Esmond News

1919: Birds property of the state

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Richard and Nancy Bornitz, the Travis Bornitz family and Kim Sherman and children were in the Black Hills on Halloween weekend, visiting the Marshall family and Richard’s sister, Debbie.

Richard, Travis Bornitz and a family friend attended the SDSU-NDSU football game on Saturday in Brookings.

Curt, Lori, Hannah Wehlander and Jeanette Clendening attended the South Dakota All-State Chorus and Orchestra concert held in Rapid City recently. Rosalie Wehlander was a member of All-State Chorus.

Jeanette Clendening visited her sister Irene Vanderbush and husband Lee while in Rapid City.

Geanna De Benedetti of Tracy, Calif., came for the weekend to help celebrate her dad’s, Gene Schlueter, birthday. Several meals and get togethers were held for Schlueter, including a fellowship after church.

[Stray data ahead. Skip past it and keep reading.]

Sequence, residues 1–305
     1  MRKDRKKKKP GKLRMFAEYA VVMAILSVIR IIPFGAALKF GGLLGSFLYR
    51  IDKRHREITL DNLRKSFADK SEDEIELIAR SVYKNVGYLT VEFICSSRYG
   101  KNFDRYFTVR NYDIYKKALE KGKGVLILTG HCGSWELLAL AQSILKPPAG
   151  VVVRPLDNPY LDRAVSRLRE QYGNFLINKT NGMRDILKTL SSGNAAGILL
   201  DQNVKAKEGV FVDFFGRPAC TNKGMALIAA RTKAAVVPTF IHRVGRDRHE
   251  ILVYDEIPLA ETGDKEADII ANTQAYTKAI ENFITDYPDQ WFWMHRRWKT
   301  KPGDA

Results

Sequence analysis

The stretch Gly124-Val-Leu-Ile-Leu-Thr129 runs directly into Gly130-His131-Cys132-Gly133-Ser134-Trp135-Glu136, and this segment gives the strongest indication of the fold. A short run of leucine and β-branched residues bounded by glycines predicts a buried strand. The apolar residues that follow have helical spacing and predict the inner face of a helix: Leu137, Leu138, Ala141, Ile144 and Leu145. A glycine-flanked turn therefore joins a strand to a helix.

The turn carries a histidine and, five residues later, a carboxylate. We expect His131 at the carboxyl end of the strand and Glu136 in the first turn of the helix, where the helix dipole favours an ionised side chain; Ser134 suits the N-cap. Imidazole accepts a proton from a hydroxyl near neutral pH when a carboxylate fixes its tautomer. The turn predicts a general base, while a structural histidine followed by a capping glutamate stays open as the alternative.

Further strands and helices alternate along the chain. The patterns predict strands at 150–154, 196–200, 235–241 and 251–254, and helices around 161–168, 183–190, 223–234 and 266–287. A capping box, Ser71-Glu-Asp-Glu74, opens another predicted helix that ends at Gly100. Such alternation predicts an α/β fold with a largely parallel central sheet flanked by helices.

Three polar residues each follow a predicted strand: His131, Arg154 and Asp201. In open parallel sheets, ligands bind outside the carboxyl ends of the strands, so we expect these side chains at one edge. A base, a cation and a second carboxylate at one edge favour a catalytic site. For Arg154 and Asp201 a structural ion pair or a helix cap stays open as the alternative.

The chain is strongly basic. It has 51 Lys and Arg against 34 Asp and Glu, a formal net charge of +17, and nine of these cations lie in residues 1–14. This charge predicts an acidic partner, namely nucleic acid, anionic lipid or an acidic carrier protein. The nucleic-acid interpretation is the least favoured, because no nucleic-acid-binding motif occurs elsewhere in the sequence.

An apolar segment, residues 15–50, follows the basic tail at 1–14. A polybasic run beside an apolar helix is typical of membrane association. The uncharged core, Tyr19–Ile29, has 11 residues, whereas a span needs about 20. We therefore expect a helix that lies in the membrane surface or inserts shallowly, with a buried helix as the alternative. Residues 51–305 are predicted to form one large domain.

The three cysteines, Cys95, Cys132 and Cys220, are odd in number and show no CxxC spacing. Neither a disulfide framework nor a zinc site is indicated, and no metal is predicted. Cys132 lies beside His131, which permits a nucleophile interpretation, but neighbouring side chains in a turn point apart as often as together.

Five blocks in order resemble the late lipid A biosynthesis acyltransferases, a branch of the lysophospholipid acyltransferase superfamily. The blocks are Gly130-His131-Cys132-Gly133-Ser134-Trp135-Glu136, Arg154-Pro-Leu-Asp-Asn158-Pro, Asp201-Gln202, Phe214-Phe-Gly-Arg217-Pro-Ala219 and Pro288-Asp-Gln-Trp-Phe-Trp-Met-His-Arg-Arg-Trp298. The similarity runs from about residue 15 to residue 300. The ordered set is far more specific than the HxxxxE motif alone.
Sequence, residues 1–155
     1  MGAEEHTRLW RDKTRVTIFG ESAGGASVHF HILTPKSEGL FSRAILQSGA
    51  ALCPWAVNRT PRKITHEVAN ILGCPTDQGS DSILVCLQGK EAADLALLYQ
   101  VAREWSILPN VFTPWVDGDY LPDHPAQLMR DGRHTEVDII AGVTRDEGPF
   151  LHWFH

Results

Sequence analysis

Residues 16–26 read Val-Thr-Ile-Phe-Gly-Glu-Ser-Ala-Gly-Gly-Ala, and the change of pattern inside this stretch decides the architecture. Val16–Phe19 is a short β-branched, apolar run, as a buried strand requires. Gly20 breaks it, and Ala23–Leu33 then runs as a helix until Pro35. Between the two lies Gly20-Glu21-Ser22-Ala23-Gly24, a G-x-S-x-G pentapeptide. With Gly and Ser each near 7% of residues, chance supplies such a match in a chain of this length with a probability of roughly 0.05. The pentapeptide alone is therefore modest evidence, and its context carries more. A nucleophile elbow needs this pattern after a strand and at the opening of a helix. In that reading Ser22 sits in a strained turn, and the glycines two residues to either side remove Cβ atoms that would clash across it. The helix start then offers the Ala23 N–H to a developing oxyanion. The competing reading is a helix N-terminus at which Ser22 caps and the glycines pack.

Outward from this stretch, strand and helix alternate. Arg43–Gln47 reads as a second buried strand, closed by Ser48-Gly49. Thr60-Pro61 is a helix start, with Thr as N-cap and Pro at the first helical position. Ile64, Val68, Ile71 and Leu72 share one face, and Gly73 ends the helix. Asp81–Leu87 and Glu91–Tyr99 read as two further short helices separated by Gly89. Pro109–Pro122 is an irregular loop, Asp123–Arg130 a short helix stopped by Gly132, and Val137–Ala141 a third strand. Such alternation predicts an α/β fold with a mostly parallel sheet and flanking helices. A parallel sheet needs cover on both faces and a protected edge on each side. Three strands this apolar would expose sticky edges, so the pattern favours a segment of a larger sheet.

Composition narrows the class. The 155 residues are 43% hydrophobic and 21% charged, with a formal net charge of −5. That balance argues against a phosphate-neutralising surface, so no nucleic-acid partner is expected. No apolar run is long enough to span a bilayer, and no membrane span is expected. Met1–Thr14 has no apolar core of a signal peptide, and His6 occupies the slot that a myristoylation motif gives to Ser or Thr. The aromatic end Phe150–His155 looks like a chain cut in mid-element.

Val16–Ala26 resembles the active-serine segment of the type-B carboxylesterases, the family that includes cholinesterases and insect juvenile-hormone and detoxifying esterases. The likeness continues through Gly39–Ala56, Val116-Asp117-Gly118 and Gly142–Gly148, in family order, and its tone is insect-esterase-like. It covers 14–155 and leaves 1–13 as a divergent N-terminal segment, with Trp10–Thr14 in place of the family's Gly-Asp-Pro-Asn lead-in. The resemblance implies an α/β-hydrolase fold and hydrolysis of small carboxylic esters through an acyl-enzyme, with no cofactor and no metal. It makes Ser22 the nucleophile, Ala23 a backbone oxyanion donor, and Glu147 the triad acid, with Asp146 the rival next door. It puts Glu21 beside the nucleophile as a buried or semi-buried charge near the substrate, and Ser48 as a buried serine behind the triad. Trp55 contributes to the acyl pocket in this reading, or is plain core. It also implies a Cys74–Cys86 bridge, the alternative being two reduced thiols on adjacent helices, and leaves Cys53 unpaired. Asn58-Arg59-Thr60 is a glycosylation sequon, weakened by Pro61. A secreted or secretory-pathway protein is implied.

Charemon and Annette Dunham went to the Post 280 American Legion meeting on Thursday.

Lori Wehlander has been to Casper Wyo., and Rapid City on business trips.

Interesting to read Mary Lee’s article on ballpoint pens. I can remember my dad, L.E., coming home with a new version of an ink pen called a ballpoint that he had bought in Esmond from a traveling salesman at the Esmond Garage. This was soon after the war.

History Note

1919 — from the South Dakota Dept. of Game and Fish Bulletin. Birds declared property of the state, that all birds both resident and migratory in this state shall be and hereby declared property of the state. (See 1, Ch. 159, laws of 1907). Also in 1919, a small game hunting license cost $1; out-of-state licenses cost $15.

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